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Ronaldo won't lie, he wants to win Ballon d'Or

ESPN staff
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Lionel Messi and Cristiano Ronaldo are front runners for the Ballon d'Or award © Getty Images
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Cristiano Ronaldo is determined to win this year's Ballon d'Or, but insists "life goes on" if he is not chosen.

Ronaldo, 27, has been shortlisted along with Barcelona's Lionel Messi and Andres Iniesta for the FIFA award, with the winner to be announced at a gala ceremony in Zurich on January 7.

The Real Madrid man, who won the prize when at Manchester United in 2008, believes it would be hypocritical not to admit that a second victory would make him happy, but feels team trophies still remain the most important recognition for his career.

"I cannot live worrying about an individual prize, that would not be right, as a career is not marked by individual awards, but by team trophies," Ronaldo told the Portuguese FA's website.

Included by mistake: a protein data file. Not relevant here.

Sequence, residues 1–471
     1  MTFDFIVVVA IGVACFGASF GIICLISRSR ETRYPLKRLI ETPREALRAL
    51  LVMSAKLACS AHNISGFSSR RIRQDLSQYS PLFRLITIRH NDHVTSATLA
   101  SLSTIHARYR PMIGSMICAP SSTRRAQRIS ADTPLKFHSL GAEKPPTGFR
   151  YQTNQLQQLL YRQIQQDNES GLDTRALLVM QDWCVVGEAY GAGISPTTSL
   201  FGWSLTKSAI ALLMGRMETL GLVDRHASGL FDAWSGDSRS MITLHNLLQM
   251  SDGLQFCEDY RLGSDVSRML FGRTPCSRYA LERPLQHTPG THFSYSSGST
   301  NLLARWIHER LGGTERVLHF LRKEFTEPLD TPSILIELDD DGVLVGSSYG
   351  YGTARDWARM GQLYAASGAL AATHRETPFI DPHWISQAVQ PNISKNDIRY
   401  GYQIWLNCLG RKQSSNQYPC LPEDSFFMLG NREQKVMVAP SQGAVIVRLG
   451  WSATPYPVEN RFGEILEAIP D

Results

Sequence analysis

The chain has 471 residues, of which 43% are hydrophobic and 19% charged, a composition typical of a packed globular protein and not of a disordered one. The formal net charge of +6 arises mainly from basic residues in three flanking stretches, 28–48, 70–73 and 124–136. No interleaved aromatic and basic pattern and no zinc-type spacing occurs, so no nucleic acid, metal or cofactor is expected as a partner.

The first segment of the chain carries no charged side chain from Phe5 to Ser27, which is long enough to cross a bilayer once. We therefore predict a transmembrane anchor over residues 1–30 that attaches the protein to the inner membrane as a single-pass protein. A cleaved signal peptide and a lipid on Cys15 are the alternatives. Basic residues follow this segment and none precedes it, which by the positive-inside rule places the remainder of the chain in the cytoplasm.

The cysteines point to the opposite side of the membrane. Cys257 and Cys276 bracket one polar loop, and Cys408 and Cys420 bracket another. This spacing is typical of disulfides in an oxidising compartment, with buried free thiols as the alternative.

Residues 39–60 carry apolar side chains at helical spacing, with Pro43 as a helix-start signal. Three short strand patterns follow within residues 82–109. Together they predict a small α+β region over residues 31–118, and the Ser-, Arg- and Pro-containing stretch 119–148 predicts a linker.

"When the decision is known, maybe I will be very happy, maybe sad... but that is life. If I win then perfect, but if not then life goes on. Obviously I would like to win it, I am not going to be hypocritical or lie, it is an ambition of mine, but I cannot think it is the end. Just or unjust, it will be as it is supposed to be."

Ronaldo's international side Portugal currently sit joint-second in their World Cup 2014 qualifying group, level on points with Israel and five points behind group leaders Russia. And the former United attacker is confident his country will dig deep and secure their passage to the World Cup in Brazil.

"We know that the margin for error is lower each time, we cannot lose more points, but I believe that the team will get through this phase," he said. "In previous years we came through big challenges during qualifying."

The Portugal captain, who famously did not get to take a penalty as Spain progressed in their Euro 2012 semi-final shootout, believes there is something special about representing his country on the world stage.

"It is one thing to play for your club and another for your national side, they are completely different feelings," he said. "It is true that the passion to win and to compete is similar, but there is an more sentimental meaning when we do it for our country."

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